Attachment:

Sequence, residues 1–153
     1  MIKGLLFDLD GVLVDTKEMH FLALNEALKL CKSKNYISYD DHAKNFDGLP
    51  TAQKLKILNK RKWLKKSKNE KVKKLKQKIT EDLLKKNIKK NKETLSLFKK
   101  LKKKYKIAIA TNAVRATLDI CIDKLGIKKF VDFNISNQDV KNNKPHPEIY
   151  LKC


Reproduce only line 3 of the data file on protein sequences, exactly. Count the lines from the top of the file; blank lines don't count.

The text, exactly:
    51  TAQKLKILNK RKWLKKSKNE KVKKLKQKIT EDLLKKNIKK NKETLSLFKK